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Juice report welcomed, but further work needed

Juice report welcomed, but further work needed

The New Zealand Juice Association (NZJA) has welcomed the Commerce Commission’s report into the juice industry which will complement its own self-regulatory system, but believes further work is needed to ensure clear and consumer-friendly descriptions on juice product labels.

NZJA President, Kelvin Clout, noted that through its Code of Practise and Industry Compliance Committee (ICC) the industry has already made great strides in ensuring fruit juice companies label their products in a clear, consumer-friendly manner.

“While the Commerce Commission has highlighted some exceptions, it is important to note that the vast majority of fruit juices manufactured and sold in New Zealand are labeled in accordance with legislation and are both clear and informative,” Clout said.

There are, however, still differences between the words used to describe fruit juices and juice drinks in New Zealand and Australia. The NZJA is currently working with its Australian counterpart on these ‘descriptors’ and will also meet with the Commerce Commission to ensure definitions are precise and defined.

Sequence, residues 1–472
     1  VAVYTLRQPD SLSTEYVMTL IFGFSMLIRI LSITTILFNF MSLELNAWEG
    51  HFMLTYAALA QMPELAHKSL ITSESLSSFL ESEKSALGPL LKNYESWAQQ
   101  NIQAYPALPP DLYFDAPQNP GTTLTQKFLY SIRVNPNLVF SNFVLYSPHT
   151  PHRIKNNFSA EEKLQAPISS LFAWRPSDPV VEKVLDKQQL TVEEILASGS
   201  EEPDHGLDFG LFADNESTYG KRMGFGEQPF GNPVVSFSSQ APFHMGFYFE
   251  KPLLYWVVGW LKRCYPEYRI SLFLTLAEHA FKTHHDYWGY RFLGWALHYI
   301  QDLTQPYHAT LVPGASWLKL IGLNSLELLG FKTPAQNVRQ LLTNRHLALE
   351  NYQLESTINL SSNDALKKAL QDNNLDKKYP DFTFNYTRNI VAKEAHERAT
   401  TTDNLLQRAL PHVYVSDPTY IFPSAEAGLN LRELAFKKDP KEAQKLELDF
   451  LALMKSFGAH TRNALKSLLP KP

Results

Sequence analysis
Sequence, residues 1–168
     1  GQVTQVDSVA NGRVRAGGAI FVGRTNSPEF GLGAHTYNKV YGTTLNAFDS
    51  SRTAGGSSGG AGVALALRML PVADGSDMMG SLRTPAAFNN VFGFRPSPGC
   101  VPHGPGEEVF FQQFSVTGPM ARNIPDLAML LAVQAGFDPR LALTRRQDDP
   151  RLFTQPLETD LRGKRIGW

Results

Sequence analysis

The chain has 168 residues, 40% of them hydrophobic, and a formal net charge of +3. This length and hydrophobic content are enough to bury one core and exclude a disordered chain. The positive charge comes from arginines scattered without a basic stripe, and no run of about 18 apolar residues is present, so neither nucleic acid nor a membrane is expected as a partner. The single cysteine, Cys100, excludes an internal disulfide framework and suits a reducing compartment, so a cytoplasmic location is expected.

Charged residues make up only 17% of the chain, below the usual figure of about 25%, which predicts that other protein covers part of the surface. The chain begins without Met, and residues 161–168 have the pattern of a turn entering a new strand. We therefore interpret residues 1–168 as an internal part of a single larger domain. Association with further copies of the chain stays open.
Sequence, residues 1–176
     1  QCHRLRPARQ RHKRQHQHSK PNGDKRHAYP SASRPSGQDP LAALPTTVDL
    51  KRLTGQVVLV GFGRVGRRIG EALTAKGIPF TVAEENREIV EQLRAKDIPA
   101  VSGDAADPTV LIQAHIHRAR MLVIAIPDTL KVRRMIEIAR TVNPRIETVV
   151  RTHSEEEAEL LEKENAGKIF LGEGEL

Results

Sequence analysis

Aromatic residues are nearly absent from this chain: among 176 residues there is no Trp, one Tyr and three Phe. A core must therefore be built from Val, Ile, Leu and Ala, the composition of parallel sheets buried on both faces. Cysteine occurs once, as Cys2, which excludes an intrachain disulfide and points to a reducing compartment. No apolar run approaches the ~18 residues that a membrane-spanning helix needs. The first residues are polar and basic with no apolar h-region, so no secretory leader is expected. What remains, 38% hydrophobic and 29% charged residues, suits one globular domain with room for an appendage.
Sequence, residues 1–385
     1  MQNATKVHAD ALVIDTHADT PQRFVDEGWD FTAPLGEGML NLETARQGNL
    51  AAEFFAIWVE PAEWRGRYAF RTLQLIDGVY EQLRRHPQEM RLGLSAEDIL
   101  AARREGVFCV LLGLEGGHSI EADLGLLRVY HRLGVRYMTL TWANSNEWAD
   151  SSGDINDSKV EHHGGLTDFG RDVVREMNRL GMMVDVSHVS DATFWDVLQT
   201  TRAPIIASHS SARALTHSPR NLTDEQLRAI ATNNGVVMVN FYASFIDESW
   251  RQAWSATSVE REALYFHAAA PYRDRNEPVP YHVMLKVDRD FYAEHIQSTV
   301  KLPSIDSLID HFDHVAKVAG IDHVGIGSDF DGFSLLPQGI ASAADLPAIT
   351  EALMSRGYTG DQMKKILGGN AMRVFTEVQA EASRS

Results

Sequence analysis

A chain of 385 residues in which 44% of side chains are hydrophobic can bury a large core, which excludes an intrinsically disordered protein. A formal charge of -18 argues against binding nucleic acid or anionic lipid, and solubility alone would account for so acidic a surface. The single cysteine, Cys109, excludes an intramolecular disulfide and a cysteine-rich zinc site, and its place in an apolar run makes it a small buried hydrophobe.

“We advise consumers to continue to carefully read labels and to purchase the juices they enjoy. Fruit juices offer considerable health benefits and are one of the ways that people can consume the recommended five servings of fruit and vegetables a day,” said Clout.

The Code of Practise and ICC have been operating since 1997 and many juice labels carry the NZJA compliance logo. The system is based on random testing by an independent laboratory.

Any issues with labelling or product composition are brought to the attention of offending companies and, without exception, member companies undertake the required remedial action.

Existing Commerce Commission guidelines were tabled in 1994 and may have been superseded by advances in technology and packaging. The NZJA and its members do, however, refer to the guidelines when making decisions through the ICC.

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